The Historic Tax Credit Coalition — a nonprofit organization made up of several groups who have interests in historic preservation — also analyzed data from the National Park Service’s Rutgers report.
“Of special note is the $29.8 billion in federal tax revenue generated compared to the $25.2 million in credits allocated over this period, a return of $1.18 for every $1.00 in tax expenditures,” the group’s analysis revealed. “This incentive has helped rehabilitate and repurpose 42,293 buildings generating over $131 billion in total economic activity resulting in more than 2.4 million jobs including 109,000 in 2016 alone.”
Preziosi said it’s not easy to get the HTC, either.
“It’s not a handout,” he explained. “These investors have to invest quite a lot of money into these buildings to even qualify for the credit. They have to spend the value of the building minus the land.”
The Office of the Comptroller of the Currency explained the process and how it can benefit communities and partners in preservation projects.
“The HTC program encourages the rehabilitation of certified historic buildings (those listed on the National Register of Historic Places or architecturally contributing to a National Register district) through the provision of tax credits equal to 20 percent of the qualified rehabilitation expenditures,” the OCC said. “To receive the HTCs, property owners must complete the three-part application process for historic preservation certification managed by the NPS (National Park Service) and the relevant SHPO( state historic preservation officer).”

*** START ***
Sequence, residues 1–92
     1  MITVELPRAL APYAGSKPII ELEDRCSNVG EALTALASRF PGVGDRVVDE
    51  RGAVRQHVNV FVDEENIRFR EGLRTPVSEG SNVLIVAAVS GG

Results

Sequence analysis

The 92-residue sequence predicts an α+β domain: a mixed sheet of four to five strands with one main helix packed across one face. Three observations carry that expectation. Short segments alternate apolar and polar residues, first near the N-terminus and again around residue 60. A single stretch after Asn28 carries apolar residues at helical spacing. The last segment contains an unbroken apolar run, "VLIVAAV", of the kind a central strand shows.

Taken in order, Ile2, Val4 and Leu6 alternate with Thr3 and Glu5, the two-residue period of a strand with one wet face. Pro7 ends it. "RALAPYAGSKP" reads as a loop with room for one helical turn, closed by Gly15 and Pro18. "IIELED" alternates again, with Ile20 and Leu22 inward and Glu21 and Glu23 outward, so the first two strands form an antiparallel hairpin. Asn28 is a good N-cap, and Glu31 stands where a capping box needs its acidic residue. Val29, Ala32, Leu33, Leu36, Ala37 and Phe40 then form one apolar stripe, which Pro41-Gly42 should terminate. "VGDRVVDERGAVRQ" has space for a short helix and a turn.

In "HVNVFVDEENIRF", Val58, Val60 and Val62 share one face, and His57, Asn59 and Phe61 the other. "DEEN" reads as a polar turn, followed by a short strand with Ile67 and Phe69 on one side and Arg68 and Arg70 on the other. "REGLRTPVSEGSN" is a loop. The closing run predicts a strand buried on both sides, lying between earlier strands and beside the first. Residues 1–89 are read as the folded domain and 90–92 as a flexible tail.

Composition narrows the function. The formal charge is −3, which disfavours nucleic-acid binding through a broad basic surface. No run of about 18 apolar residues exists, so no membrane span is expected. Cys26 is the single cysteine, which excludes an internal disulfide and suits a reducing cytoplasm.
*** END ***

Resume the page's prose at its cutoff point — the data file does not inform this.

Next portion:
“We’ve had projects (that qualify for the HTC) in the $450,000 range all the way to the millions like the Statler,” Preziosi said.
“Support for the HTC is nationwide,” he said. “It’s very bipartisan as well.”
Preziosi said he makes yearly trips to Washington D.C. to lobby for the HTC. “I’ve been following it and tracking it for many years.”
The Historic Tax Credit Coalition said that so far 1,479 organizations have signed on to a letter asking members to preserve the HTC.
“The National Trust is making a big push to advocate for it,” Preziosi added. “We’ve been reminding our members to call and send emails to congressional offices as the tax bill moves through.”
“We want to keep the pressure on, and let the politicians know that these are local people behind it,” he added.
With such bipartisan support, will the HTC manage to hang on? Preziosi isn’t entirely certain.
“In talking to the National Trust folks, they say that the HTC is the thing that has had the most discussion in tax reform in terms of being in favor of keeping it,” he said. “But there’s also been this sort of mandate handed down to not allow any additional tax credits – and people are reluctant to cherry pick additional ones.”
Texas congressmen Sam Johnson (R), Kenny Marchant (R), and Lloyd Doggett (D), are on the House Ways and Means Committee, and Kevin Brady (R-Texas) is the chairman.
Bethany Erickson is the education, consumer affairs, and public policy columnist for CandysDirt.com. Contact her at email@example.com.